Down syndrome (DS) is a complex disorder characterized by well-defined and distinctive phenotypic features. Down syndrome is a chromosomal condition that is associated with intellectual disability, a characteristic facial appearance, and weak muscle tone (hypotonia) in infancy. People with Down syndrome may have a variety of birth defects. About half of all affected children are born with a heart defect. Digestive abnormalities, such as a blockage of the intestine, are less common. Individuals with Down syndrome have an increased risk of developing several medical conditions. These include gastroesophageal reflux, which is a backflow of acidic stomach contents into the esophagus, and celiac disease, which is an intolerance of a wheat protein called gluten. About 15 percent of people with Down syndrome have an underactive thyroid gland (hypothyroidism). The thyroid gland is a butterfly-shaped organ in the lower neck that produces hormones. Individuals with Down syndrome also have an increased risk of hearing and vision problems. Additionally, a small percentage of children with Down syndrome develop cancer of blood-forming cells (leukemia).
Treatment: Early intervention for infants and children with Down syndrome can make a major difference in realizing their potential abilities and in their quality of life. Early intervention programs Ask your health care provider about early intervention programs in your area. Available in most states, these special programs offer children with Down syndrome stimulation at an early age with appropriate sensory, motor and cognitive activities. Programs may vary, but they usually involve therapists and special educators whose goal is to help your baby develop motor skills, language, social skills and self-help skills.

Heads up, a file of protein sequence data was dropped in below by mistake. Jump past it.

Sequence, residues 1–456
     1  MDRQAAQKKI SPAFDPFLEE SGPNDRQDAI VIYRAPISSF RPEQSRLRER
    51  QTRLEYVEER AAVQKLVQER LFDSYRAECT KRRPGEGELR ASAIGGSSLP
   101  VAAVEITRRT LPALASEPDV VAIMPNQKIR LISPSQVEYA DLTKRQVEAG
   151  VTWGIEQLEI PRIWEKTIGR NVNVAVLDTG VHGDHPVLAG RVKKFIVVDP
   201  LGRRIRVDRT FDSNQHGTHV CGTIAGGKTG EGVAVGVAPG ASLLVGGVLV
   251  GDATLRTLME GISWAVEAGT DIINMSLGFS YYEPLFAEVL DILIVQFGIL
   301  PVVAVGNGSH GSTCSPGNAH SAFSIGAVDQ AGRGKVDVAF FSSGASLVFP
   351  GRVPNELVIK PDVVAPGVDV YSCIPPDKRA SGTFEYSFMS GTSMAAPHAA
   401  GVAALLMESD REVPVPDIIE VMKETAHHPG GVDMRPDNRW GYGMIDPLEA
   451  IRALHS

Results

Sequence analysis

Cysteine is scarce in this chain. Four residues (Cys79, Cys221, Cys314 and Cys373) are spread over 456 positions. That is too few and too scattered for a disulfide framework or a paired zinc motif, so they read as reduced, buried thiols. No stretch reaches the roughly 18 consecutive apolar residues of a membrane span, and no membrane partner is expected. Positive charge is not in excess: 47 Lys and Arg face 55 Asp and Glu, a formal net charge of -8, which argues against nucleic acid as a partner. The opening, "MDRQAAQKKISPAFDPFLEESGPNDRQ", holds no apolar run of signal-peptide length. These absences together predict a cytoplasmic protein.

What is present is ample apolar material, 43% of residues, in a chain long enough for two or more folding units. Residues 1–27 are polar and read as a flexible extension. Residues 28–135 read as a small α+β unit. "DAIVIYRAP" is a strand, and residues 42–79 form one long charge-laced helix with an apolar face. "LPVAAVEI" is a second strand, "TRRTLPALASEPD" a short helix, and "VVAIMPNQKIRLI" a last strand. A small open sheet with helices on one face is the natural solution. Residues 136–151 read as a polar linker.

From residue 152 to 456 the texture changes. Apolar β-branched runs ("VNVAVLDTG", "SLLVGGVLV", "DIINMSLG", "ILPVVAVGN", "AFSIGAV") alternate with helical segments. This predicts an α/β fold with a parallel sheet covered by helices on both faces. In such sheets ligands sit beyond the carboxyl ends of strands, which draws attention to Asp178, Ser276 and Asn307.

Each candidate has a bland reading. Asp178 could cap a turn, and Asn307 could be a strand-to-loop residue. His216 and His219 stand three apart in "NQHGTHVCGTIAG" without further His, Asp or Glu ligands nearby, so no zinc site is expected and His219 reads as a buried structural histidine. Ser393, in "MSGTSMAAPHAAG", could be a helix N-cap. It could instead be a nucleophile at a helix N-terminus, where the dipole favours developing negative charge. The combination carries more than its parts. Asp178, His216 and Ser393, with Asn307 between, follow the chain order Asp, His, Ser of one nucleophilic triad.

Statistics: Data from the Registry of Congenital Defects were analyzed, including births and induced abortions, between 1990 and 2004.Out of a total 103 452 births, 356 chromosomal anomalies had been registered (176 births and 180 induced abortions) and there were 210 DS (119 live births, two stillbirths and 89 induced abortions). Total prevalence assessment showed an important upward trend over time in both cases. The prevalence of total chromosomal abnormalities increased from 22 cases per 10 000 births in 1990 to 48,6 in 2004 and the DS prevalence increased from 13 to 29,1. Furthermore, 63% of DS births presented one or more associated defects, cardiac and digestive tract defects being the most frequent. Changes in maternal age and prenatal screening have influenced DS prevalence and trends.